However, state repression continued to increase, especially outside of Buenos Aires, where repression against indigenous people and peasants fighting for their land has been a constant. On August 1, Santiago Maldonado, a young backpacker and artisan, went missing during a brutal act of repression by the gendarmerie against the Mapuche community of Pu Lof en Resistencia in Cushamen. The Mapuche had recovered this piece of their ancestral land from the transnational corporation Benetton and since faced constant violence from the Argentine state. Maldonado’s disappearance sparked comparisons to the disappeared during the dictatorship. Once again, massive marches filled the Plaza de Mayo, but this time without results: two months later Maldonado’s body was found near where he had last been seen fleeing the gendarmerie. While the state continues to maintain that Maldonado drowned on his own, the autopsy results were inconclusive and the conditions of his disappearance remain suspicious. Then, on November 25, in another act of repression, a young man from a Mapuche community, Rafael Nahuel was shot and killed by a special command of the Argentine naval prefecture.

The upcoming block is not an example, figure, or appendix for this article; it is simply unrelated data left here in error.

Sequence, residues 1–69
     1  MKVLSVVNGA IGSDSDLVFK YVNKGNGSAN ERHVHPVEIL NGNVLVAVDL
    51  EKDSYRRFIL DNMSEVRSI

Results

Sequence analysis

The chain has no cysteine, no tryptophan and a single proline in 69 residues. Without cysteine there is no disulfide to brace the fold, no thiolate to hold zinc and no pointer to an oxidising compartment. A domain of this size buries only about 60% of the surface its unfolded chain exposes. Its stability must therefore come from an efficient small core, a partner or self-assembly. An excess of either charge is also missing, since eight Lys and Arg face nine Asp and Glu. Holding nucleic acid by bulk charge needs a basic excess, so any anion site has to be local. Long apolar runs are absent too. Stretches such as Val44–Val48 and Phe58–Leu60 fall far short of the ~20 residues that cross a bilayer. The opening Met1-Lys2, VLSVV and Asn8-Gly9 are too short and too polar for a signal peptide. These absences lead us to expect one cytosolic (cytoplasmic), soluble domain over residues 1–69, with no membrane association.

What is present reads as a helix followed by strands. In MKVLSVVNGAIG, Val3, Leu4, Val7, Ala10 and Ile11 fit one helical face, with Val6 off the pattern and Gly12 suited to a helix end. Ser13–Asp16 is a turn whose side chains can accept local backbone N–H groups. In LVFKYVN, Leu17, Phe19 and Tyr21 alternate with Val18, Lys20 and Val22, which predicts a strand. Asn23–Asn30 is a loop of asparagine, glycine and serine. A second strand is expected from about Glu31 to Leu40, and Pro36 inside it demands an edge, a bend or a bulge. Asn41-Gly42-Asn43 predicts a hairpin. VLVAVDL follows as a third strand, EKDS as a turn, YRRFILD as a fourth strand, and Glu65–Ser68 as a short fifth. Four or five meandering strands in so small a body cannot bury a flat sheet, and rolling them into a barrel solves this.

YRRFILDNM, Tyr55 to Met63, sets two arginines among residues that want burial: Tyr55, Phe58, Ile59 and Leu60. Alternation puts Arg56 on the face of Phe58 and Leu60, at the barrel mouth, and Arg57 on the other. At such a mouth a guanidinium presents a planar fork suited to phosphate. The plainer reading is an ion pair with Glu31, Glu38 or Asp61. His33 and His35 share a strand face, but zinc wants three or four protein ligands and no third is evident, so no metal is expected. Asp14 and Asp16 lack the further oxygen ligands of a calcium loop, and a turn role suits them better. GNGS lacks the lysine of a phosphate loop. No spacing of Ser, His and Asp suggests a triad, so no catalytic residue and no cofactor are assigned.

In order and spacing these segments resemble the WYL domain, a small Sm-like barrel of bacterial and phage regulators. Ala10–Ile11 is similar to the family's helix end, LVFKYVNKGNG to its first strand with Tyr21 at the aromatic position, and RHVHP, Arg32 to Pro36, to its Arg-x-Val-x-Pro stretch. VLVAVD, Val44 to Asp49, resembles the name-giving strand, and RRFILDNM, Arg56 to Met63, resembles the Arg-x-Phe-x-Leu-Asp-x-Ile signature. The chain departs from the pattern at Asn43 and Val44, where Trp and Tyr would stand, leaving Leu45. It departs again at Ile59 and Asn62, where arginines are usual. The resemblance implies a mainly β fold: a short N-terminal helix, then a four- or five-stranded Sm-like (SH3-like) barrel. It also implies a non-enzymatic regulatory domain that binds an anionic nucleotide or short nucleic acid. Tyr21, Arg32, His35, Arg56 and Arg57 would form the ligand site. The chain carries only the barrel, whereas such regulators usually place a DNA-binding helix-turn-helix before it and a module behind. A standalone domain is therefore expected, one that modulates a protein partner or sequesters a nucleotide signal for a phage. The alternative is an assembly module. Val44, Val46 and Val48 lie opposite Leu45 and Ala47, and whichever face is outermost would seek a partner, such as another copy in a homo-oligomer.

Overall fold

Electoral victories by the Cambiemos party in October further cemented its sense of having a broad popular consensus and approval to enact its desired economic and social policy. The opposition was largely demoralized. Following the recent violence against protesters and the targeting of reporters, the Center for Legal and Social Studies recently declared that the right to protest is in danger. A new report by the Coordinator Against Police and Institutional Repression (CORREPI) shows that on average more than one person has been killed per day by the state since Macri took office in December 2015. Repression of this type has not been seen since 1983.


Shaking off the fear